The leaflet is an amazing document. It is a veritable manifesto that touches on all aspects of civic policy from taxes to transit to tenants. He talks about Vancouver's 'housing crisis' (it had one then too), calls for Vancouver to establish public utilities, demands more public rapid transit with lower fares, and deals with an array of other issues, all while juxtaposing his people's agenda to the big business agenda that dominated civic politics.

He even has a fascinating section that asks "what will Vancouver be like in 1985"!

(Click on images to enlarge)

Monday, October 24, 2016

Yueh Tung -- Hakka & Chinese Cuisine by Toronto City Hall

Yueh Tung is a well-established restaurant just a stone's throw from Toronto's City Hall and Nathan Phillip's Square. For over twenty-five years they have been serving up classic Chinese dishes with the the addition of a variety of Hakka dishes throughout the menu as well.

For those unfamiliar with Hakka cuisine it is a style of cooking influenced by the flavours and techniques of both Chinese food and Indian food. It originated in southern China and northern India.

Yueh Tung delivers both with bold
The view of the back of City Hall from just outside!
flavours, nice presentation and excellent service. It's second floor dining room is large (though reservations for generally busy nights are recommended, especially for larger groups) and bright with modern decor. Service is excellent and very friendly.

Portion sizes are large and the prices very reasonable. This is great spot to go with family or friends after an event or afternoon spent downtown. It also could not possibly be more central!

There are a lot of great dishes on the large menu, but here is a look at a few favourites.

Hot & Sour Soup: Ranges from individual  serving at $3.95 to a large group bowl $14.95

The Hot & Sour soup here is a real standout. One of the best I have had in the city.
Tangy and spicy, it is full of shrimp, tofu and absolutely delicious BBQ pork.
Honestly, the Hot & Sour soup alone would be worth coming here for.

Hakka Wonton Yam Mein: $8.95

Hakka cuisine is noted for it noodle dishes and this is a great one.
The noodles are perfect with delicious pork & shrimp dumplings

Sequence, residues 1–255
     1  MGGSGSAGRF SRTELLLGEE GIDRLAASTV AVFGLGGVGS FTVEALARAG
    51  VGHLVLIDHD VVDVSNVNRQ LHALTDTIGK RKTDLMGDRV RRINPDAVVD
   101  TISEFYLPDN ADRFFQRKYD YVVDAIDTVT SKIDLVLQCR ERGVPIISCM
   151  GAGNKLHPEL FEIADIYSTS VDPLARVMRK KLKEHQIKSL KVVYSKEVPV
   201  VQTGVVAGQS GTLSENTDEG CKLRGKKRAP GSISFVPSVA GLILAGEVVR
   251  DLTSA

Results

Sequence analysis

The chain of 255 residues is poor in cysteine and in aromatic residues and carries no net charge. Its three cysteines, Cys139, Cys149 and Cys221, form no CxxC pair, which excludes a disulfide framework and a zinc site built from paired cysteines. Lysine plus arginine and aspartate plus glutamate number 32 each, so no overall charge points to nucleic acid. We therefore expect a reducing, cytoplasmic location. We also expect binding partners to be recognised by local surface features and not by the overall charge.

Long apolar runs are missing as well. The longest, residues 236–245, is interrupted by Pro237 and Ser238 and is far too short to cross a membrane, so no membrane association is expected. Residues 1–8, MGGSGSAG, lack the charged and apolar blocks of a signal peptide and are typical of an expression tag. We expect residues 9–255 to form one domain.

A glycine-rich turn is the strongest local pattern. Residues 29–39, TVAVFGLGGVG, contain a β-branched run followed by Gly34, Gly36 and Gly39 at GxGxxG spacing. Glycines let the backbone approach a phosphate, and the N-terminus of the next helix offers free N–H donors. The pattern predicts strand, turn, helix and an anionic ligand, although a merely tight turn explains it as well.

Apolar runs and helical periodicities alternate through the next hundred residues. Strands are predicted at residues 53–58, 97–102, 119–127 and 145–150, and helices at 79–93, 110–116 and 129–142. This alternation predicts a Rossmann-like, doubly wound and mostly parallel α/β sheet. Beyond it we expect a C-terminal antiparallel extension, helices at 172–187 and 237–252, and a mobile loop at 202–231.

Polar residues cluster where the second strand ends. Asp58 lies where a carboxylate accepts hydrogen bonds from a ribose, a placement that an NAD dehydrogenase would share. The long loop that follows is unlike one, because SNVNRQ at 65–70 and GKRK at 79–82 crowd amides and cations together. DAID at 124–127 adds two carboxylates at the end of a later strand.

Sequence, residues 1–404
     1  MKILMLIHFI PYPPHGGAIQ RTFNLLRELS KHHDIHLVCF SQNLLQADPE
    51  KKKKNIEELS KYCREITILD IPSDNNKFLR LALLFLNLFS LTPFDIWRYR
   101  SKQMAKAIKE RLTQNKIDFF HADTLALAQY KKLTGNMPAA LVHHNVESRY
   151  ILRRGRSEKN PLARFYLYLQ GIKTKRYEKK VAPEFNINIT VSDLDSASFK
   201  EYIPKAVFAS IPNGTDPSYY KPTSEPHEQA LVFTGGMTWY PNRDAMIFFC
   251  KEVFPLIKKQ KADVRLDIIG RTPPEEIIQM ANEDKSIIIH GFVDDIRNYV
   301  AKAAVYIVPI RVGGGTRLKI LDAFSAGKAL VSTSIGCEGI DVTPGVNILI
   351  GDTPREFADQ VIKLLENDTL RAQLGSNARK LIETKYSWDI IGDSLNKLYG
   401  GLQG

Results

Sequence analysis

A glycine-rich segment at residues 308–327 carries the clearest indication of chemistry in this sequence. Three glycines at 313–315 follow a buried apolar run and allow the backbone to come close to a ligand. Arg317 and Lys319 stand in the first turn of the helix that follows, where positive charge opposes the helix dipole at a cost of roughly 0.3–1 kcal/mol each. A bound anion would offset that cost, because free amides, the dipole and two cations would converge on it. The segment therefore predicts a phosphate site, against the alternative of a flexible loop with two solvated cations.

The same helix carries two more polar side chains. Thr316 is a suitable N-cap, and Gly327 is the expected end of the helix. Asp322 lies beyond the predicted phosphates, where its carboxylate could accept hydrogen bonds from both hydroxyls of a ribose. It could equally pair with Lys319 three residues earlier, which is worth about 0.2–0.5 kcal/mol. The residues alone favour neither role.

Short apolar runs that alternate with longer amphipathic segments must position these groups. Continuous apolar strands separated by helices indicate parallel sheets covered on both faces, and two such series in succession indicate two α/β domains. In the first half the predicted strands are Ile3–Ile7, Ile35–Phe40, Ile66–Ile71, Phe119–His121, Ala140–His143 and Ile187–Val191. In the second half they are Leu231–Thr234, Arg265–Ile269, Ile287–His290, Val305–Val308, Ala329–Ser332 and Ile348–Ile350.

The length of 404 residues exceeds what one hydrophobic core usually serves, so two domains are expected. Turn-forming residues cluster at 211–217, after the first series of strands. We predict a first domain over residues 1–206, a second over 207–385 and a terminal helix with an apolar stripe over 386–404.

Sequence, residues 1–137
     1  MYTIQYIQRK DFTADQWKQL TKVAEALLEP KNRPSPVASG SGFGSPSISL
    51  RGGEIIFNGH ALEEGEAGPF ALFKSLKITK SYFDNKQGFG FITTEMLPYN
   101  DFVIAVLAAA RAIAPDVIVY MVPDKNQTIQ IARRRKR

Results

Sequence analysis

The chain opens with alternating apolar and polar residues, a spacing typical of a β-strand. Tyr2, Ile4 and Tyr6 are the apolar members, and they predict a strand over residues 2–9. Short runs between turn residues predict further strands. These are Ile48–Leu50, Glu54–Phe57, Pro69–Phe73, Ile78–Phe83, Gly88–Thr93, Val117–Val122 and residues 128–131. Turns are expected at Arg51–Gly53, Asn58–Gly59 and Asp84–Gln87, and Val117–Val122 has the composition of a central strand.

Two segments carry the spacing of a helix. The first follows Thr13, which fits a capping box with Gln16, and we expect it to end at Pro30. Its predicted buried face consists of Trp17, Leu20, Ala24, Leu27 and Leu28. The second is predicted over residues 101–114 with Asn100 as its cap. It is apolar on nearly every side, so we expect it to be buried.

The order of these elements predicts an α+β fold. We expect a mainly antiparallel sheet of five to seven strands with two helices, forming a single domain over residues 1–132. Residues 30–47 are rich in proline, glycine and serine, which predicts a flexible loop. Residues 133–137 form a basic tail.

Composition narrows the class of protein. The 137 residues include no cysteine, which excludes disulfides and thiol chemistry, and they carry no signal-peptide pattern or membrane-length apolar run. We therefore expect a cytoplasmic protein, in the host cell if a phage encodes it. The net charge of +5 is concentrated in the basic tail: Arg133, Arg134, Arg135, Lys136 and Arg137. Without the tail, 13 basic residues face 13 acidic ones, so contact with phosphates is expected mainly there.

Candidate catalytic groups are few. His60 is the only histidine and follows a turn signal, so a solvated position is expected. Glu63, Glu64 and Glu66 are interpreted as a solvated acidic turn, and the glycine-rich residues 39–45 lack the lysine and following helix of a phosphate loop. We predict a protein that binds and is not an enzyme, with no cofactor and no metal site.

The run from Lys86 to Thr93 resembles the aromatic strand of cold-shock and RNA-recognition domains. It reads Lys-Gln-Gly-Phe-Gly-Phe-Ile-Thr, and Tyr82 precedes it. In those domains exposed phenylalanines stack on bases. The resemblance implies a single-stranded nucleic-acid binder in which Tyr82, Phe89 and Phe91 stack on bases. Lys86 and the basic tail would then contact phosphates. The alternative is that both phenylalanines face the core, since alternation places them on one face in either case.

and more of that wonderful BBQ pork!

Chili Chicken: $9.95

Bold flavours and mildly spicy, a terrific chicken dish.

Calamari Fritters: $9.95

They have this in the appetizer section of the menu but it the size of a main!
Battered and crispy, they have a nice kick of heat. 

Crispy Beef: 10.95

This is one of my family's favourites.
Just as they say -- crispy battered beef strips in a terrific sauce that has a hint of sweetness.

Manchurian Fish: $13.95

'Manchurian' sauced dishes are Hakka staples with chicken, fish and other varieties.
The Manchurian fish at Yueh Tung is moist and bursting with spicy flavour.

A night view of bustling Dundas St. W. taken from Yueh Tung's window
by 11-year old Julia Laxer

The Manchurian Fish, Crispy Beef and Chili Chicken can all be had served on a sizzling plate for an additional dollar. This is always a fun and crowd-pleasing service.

There are so many dishes to try and keep you coming back from Shrimp or Chicken Pakora platters to sauced seafood platters with Vancouver Crab or East Coast Lobster.

They are licensed and serve beer and wine. The dining room also has a few tables that accommodate large groups. Unfortunately, however, it is a second floor restaurant that can only be accessed by a staircase so there are accessibility issues. It is very family friendly and the busy and bustling dining room is great for kids. They do also deliver within downtown Toronto.

You can see their full menu and read about the story of the restaurant and the Hakka style of cuisine at their website. 

Yueh Tung is located at 126 Elizabeth St., right behind and to the north of Toronto City Hall. 416-977-0933. They are open seven days a week with extended hours on Friday and Saturday. 

Sunday, October 23, 2016

Labyrinth Nawayee by the Healing Garden at Sam Smith Park

At the north end of South Etobicoke's huge and beautiful waterfront gem, Colonel Samuel Smith Park, a new place of contemplation was recently opened. 

Labyrinth Nawayee lies just to the south of the Healing Garden that sits by The Gatehouse. The Healing Garden is meant as a place of healing for victims of childhood trauma and sexual abuse.

At the time of the garden's opening in 2014, Brad Hutchinson, The Gatehouse's manager, said of the circular design:
“The circle has no beginning and no end. Healing comes through quiet, keeping still, meditation. We reach the eternal part of ourselves that has no beginning and no end.
“There is beauty and wisdom here. You can feel it if you come here, slow down and let go, whether for five, 15 or 30 minutes. It is a community garden for people to bring their positive energy and give it to people who need it.”
The labyrinth was added this past summer. Nawayee means "the centre" in Ojibwe. At the entrance is a small sign that tells us:


The Labyrinth

The Healing Garden